Yet-To-Be-Installed Security Cameras Provide a Glimpse into East Lansing’s Politics and Policy

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Dylan Lees for ELi

By virtue of their offices, City Manager George Lahanas and Mayor Ron Bacon are voting members of the DDA.

The hope is that, once they’re installed, a new set of six security cameras in downtown East Lansing will help deter, detect, and solve crime. The Downtown Development Authority (DDA) recently approved spending up to $40,000 in public money to buy and install the new cameras, and on Dec. 14, Council discussed the matter, tacitly giving the plan their blessing.

But even before installation, these cameras offer a look into the current state of East Lansing politics and policy on a number of issues, from public access to government records, to policing powers, to the pattern of expenditures made without any bidding process, to the trend emerging in newly-elected Council member George Brookover’s comments indicating that he’s particularly interested in data-based decisions and following the money.

A taller skyline has meant more trouble on the ground, specifically along Albert Avenue.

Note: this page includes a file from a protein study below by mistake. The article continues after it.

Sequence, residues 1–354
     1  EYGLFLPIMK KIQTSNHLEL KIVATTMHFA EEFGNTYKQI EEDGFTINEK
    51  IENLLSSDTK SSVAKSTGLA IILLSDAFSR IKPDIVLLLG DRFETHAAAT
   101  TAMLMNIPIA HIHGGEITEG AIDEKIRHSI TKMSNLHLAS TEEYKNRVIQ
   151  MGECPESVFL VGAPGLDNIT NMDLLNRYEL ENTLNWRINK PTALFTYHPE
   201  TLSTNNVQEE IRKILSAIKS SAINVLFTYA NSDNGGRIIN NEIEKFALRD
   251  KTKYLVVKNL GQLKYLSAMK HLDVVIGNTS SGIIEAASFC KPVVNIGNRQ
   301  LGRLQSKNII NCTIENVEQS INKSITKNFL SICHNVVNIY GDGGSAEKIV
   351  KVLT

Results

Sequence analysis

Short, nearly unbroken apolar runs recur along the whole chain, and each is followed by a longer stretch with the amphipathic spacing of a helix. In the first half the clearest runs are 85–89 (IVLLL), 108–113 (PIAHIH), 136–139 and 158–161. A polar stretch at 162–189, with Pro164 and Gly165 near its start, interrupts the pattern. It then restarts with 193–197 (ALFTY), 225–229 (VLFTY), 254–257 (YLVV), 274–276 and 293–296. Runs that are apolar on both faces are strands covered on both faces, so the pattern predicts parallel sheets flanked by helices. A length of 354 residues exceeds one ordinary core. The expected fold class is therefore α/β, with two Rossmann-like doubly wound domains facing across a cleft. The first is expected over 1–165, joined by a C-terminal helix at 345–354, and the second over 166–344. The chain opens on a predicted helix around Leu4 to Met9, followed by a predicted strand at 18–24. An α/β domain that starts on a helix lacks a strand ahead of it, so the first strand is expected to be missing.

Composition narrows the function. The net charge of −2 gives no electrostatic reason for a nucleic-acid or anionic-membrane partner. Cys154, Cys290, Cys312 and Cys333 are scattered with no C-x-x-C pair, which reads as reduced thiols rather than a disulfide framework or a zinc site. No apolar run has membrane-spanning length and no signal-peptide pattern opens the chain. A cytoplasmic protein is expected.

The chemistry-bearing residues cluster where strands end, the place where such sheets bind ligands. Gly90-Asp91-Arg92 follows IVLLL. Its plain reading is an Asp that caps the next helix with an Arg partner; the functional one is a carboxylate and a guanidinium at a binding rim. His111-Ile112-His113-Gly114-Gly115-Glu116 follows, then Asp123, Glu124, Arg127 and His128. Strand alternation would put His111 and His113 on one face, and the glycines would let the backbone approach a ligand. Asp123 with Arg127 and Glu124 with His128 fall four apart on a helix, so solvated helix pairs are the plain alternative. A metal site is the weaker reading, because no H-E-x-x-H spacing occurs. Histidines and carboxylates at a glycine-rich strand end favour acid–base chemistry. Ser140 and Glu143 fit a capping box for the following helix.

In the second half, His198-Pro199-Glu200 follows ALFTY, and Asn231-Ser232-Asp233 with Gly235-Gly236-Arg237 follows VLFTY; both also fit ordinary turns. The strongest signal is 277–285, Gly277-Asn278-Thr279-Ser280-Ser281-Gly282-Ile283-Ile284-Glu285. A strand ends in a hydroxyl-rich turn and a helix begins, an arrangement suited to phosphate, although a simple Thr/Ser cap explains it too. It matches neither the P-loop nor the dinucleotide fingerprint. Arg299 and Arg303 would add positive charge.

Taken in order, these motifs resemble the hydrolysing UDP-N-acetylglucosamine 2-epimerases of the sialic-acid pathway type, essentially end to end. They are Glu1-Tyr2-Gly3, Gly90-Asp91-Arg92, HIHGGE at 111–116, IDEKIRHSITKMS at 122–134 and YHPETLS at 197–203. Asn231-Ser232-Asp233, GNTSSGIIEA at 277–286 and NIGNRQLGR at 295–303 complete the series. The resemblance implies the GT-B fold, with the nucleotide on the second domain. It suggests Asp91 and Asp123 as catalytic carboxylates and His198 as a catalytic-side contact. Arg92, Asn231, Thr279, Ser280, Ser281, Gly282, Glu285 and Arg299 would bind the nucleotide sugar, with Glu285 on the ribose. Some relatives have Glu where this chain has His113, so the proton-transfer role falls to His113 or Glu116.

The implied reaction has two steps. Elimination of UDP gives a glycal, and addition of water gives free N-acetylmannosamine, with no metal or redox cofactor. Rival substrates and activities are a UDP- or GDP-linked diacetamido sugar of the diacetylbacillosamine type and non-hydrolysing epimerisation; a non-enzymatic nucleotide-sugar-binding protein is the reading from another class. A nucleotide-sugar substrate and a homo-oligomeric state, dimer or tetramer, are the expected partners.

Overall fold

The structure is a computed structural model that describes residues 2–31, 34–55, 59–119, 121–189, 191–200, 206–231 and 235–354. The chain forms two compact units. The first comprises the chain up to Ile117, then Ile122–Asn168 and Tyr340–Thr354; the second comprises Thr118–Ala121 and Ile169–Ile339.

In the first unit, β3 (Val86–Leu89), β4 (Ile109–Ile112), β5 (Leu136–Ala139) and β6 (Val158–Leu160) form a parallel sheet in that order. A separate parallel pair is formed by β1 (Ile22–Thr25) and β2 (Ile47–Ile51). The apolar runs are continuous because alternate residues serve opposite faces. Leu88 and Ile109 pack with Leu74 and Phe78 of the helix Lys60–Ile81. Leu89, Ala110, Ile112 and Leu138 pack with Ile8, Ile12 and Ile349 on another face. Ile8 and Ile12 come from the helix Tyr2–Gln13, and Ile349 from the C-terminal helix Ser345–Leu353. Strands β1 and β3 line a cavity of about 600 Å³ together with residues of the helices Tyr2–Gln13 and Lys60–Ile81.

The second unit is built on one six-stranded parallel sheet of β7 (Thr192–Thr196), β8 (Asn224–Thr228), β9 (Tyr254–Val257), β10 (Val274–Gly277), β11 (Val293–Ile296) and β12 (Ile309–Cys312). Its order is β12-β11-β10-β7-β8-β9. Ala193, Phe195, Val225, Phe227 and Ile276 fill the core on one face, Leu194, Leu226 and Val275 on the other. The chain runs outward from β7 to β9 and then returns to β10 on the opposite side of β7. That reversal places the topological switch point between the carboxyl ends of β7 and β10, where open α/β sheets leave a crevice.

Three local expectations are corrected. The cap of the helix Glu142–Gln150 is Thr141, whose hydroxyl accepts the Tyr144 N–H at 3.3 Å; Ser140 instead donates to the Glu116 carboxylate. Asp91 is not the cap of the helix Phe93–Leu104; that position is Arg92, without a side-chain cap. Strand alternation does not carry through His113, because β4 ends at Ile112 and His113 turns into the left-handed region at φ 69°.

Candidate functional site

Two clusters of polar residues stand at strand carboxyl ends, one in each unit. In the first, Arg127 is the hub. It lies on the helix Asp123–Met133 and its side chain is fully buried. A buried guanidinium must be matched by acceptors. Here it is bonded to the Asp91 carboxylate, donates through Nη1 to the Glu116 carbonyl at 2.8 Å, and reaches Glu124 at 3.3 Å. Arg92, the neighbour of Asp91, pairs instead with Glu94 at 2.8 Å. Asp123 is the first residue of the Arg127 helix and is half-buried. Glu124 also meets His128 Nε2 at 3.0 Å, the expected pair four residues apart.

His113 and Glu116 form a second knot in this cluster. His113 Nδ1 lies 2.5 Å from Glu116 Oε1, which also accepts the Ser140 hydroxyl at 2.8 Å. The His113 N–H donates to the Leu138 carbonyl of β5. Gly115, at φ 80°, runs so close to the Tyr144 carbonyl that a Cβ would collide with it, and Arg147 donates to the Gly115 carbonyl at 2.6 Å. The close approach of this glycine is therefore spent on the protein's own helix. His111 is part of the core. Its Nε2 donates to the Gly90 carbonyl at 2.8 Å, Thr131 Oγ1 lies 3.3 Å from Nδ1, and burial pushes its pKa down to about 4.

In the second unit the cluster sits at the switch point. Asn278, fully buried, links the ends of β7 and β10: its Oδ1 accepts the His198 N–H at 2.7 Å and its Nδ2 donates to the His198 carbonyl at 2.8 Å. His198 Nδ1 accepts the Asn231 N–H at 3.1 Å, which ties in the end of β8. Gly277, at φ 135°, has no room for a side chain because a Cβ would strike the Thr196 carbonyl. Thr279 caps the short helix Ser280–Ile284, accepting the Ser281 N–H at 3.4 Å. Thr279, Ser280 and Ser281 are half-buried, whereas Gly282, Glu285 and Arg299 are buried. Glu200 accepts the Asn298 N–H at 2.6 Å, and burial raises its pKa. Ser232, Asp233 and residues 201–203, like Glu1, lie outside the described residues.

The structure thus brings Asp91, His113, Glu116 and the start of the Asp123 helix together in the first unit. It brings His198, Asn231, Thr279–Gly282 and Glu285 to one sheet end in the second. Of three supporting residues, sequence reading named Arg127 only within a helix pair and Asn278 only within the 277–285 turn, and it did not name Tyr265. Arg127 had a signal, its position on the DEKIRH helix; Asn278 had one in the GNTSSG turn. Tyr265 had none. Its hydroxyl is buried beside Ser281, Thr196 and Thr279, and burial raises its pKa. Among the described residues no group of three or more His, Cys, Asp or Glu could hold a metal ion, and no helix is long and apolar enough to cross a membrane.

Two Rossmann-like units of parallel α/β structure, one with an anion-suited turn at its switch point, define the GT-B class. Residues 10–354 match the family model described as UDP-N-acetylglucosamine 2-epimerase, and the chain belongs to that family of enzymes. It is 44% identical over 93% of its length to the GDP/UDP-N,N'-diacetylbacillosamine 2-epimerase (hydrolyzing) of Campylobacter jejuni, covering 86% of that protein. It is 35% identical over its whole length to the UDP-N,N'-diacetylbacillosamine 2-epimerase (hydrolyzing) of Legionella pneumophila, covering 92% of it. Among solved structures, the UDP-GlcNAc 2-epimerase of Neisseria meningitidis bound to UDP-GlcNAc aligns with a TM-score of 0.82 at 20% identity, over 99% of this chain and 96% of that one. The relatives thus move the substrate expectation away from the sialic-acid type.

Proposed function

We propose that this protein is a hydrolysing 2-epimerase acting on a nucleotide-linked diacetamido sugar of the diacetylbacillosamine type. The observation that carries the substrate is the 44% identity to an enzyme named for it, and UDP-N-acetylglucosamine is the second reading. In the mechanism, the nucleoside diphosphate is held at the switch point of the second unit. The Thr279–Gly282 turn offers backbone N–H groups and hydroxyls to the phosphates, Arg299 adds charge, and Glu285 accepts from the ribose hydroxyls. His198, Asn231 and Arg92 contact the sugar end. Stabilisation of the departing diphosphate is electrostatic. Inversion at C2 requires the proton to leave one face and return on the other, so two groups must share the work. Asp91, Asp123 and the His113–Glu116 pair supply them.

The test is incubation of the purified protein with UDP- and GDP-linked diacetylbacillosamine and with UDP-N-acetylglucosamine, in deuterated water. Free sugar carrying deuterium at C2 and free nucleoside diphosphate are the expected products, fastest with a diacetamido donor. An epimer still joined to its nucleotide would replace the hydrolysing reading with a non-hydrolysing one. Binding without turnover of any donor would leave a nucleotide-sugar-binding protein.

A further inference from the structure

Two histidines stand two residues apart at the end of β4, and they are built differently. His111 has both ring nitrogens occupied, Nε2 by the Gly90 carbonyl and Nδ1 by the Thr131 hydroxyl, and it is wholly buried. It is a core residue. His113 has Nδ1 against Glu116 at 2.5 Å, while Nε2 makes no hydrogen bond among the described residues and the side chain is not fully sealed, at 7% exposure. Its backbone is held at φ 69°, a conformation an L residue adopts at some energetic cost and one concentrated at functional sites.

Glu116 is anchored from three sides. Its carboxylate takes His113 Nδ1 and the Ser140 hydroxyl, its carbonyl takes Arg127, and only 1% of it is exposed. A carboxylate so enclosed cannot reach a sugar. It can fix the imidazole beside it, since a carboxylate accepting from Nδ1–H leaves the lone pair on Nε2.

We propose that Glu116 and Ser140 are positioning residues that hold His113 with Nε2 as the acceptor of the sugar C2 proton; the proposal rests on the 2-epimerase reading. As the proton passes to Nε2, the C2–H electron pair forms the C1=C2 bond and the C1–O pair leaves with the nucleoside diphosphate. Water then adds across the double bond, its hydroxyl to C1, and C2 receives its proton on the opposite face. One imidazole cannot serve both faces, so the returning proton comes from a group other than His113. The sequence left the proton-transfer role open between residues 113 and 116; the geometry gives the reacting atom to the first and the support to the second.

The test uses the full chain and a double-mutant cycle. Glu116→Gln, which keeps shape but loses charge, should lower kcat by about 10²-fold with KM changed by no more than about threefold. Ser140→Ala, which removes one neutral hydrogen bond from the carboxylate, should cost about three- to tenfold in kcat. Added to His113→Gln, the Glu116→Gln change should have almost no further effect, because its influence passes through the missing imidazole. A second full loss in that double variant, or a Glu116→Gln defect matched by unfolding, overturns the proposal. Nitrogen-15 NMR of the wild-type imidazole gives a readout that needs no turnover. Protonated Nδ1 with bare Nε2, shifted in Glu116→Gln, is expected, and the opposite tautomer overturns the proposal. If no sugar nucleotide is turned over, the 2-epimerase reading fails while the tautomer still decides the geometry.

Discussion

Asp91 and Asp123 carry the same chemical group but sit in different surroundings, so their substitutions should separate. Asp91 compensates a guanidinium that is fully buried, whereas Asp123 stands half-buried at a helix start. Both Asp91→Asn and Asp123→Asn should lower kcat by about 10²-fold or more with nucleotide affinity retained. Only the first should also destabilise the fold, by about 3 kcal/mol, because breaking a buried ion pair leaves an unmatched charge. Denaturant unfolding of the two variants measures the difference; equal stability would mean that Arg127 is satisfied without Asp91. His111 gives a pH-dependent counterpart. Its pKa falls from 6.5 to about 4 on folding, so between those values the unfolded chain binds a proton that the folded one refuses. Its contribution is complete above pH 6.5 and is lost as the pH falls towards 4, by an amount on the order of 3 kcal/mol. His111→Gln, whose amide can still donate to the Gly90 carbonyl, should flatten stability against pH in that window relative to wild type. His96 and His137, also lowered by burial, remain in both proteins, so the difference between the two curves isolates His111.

Speaking to Council on the matter at Council’s Dec. 14 meeting, East Lansing Police Captain Chad Connelly explained that, as East Lansing’s skyline has changed, so has what’s happening on the ground around the new taller buildings.

Referring obliquely to a rash of recent violent altercations downtown around the area of the intersection of Albert and M.A.C. Avenues, Connelly told Council, “With the new developments that we’ve had in the downtown over the last couple of years, it’s really changed the dynamic of where people gather, and where we are seeing crowds, where we are seeing some of the events that are concerning in the later hours.” 

“The dynamic that has been created with the new high-rises and the new traffic corridors has really condensed our late-night crowd into a really confined space,” Connelly continued. 

That area is where the cameras will be located: on the east and west side of the Marriott Hotel, on the Albert Avenue parking garage pointing toward Grove Street and the Ann Street Plaza, and in the alleyway behind SBS (Student Book Store).